U.S. District Judges Albert V. Bryan Jr. of Alexandria and J. Calvitt Clark of Norfolk have emerged as front-runners for a vacancy on the 4th U.S. Circuit Court of Appeals in Richmond, several lawyers familiar with the selection process said this week.

The appeals court seat became available last month with the retirement of Judge John D. Butzner of Richmond. Butzner took senior status, which means he will continue to participate occasionally in the court's decisions.

Seats on the 10-member appellate panel traditionally are allocated evenly among the five states that make up the 4th Circuit--Virginia, Maryland, West Virginia and North and South Carolina. The seat held by Butzner historically has been filled by a judge from the eastern half of Virginia.

Although senators from any of the five states may put forward candidates' names, it would be rare for the selection process to be changed.

Sen. John W. Warner, who as Virginia's senior Republican senator will have a key role in who gets the nomination, has said he will present a list of candidates for the job to the Reagan administration. Warner has declined comment on the process, but an aide said this week the list would be submitted "hopefully before the first of the year."

Appeals court appointments, which require a presidential nomination and Senate confirmation, traditionally follow partisan lines, depending on who controls the White House. A White House selection committee, including Reagan aides James Baker and Edwin Meese and Attorney General William French Smith, is to consider the appointments.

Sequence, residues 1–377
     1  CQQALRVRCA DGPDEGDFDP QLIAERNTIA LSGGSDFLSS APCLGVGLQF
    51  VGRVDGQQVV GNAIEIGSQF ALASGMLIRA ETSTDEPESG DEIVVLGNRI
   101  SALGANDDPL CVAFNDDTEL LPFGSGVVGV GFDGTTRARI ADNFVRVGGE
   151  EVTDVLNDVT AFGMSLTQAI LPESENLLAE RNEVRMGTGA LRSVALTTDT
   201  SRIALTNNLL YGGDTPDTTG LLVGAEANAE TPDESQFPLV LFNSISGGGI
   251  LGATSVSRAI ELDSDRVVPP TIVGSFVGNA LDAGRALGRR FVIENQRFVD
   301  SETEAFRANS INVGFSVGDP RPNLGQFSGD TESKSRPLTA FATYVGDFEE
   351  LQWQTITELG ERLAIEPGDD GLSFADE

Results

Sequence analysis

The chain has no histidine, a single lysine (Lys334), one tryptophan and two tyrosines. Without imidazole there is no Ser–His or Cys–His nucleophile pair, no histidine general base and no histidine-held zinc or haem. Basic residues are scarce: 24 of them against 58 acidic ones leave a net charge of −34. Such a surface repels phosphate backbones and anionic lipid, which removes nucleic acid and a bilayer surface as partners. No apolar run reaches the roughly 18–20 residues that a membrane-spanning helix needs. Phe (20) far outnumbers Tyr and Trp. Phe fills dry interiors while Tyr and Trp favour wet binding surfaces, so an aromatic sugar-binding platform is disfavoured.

The selection procedure has fueled speculation in Northern Virginia about prospects that U.S. Attorney Elsie L. Munsell of Alexandria might follow either Bryan or Clark to the federal bench. Munsell, 43, a former U.S. magistrate, took herself out of the running for a similar post 18 months ago in favor of the chief prosecutor's job.

Bryan and Clark have indicated an interest in the appellate position and both have been endorsed by bar associations in their areas.

Clark, a wealthy 62-year-old Republican, was a lawyer in Richmond for about 30 years before being appointed to a District Court judgeship in Norfolk eight years ago.

Bryan, 56, is a Democrat, but was named to the U.S. District Court in Alexandria by President Nixon in 1971, a time when Southern conservatives like Bryan were closely allied with the Republican Party. Bryan, who previously served as a state judge in Fairfax County for nine years, was elevated to the federal bench with support from Sen. Harry F. Byrd Jr. and former Republican representative Joel T. Broyhill.

Bryan's 83-year-old father, Albert V. Bryan Sr., is currently a senior 4th Circuit judge with offices in Alexandria. Whether he would be required to step aside, were his son appointed, was not clear.

A third U.S. District Court judge, D. Dortch Warriner, 53, a Southside Virginia Republican, was said to have withdrawn his name from consideration. Some observers said the decision was influenced by a September dispute in open court in Richmond between Warriner and a black assistant U.S. attorney who accused the judge of exhibiting racial prejudice in his sentences, a charge Warriner denied.